In most cases by making the cash application a streamlined process, not only can companies work out the DSO saving but there are additional tangible cost savings to be realised such as reducing the number of FTEs servicing the manual cash application. Very often companies find that the FTE saving forms the basis for the business case when presenting it to senior management, yet the intangible benefit of DSO saving might be much bigger.

How to Identify and Illustrate the Opportunities

Corporates with the largest potential to gain efficiencies from cash application optimisation projects are typically those that have a regional shared service centre (SSC). And when it comes to SSCs, key performance indicators (KPIs) provide critical data points for monitoring the performance of the SSC. For the cash application process, we recommend the corporate to monitor the following KPIs to best understand the potential for improvement:

  • Volume: What is the absolute number of invoice items you reconcile on a daily or monthly basis?
  • Automation: What is your true ‘automated’ daily matching rate? Do you start each day fresh with no matching items rolled over from the day before?
  • Headcount: How many FTEs do you have dedicated to closing out invoices?

It is important to note that, looking purely at the automation rates may be a misleading indicator. A company may have a high automation rate, but may still have a large number of headcount dedicated to close out the remaining percentage of invoices because a small percentage still represents a high volume of invoices.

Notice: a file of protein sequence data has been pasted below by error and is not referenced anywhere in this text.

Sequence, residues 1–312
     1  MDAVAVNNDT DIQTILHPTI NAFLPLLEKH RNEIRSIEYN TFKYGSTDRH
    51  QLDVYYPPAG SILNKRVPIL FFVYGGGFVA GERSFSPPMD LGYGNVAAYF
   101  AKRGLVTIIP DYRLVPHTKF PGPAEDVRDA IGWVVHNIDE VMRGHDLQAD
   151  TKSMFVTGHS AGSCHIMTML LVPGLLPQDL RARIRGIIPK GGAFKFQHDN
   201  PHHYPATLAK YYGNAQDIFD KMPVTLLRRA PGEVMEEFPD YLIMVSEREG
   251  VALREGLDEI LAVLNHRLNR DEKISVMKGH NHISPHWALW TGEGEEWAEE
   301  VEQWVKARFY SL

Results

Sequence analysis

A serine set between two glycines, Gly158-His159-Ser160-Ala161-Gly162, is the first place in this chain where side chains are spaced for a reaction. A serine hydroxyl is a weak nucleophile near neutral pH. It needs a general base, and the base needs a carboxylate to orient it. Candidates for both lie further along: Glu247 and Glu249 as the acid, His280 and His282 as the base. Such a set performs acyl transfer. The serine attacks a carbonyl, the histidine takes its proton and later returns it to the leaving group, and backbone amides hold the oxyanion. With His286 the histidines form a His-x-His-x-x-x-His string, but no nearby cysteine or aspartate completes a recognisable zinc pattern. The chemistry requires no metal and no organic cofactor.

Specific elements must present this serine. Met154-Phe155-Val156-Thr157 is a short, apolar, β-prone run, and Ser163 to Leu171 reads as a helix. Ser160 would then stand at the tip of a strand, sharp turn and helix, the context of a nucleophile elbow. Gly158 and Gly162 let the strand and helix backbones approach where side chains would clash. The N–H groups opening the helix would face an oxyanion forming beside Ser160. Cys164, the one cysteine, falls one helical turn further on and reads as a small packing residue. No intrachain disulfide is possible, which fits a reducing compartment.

Who Needs to Drive the Cash Application Optimisation Project?

Efficient receivables management can only be achieved by engaging individuals across treasury and SSC organisations and must involve account receivables, credit management, collections and treasury.

Furthermore, to achieve success in a cash application optimisation project there needs to be a focus on: people, process and profit. There needs to be:

  • A dedicated central team with clear process ownership.
  • Good systems to support workflow process and strict finance approval for credit and payment terms.
  • Visibility of metrics to senior management – driving behaviour in the organisation to achieve profit goals.

Frequently, cash application projects are seen as purely technical and are left to technology teams. It is important for the SSC or treasury business teams to be driving the optimisation project to ensure that the benefits are met.

Integrating Bank Data and Cash Application Optimisation Software

Banks provide critical information to the corporates’ cash application process in the form of receivables information on bank statements and other reports. However, the information that banks provide on the bank statement may not always be sufficient to allow for a completely automated matching process due to lack of, or truncated, information provided through the clearing. The A/R team would then need to search for additional information to manually complete the cash application.